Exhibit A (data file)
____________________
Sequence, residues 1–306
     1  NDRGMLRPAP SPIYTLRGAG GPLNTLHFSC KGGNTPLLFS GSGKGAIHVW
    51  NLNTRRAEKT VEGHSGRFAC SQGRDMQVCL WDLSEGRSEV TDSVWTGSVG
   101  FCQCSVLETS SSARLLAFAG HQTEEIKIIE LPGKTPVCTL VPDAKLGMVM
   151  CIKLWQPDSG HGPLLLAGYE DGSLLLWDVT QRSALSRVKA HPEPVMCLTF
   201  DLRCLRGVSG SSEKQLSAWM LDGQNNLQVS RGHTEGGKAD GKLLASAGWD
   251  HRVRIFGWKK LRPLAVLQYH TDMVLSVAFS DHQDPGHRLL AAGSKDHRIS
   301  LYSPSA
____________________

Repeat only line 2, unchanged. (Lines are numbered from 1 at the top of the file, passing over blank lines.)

     1  NDRGMLRPAP SPIYTLRGAG GPLNTLHFSC KGGNTPLLFS GSGKGAIHVW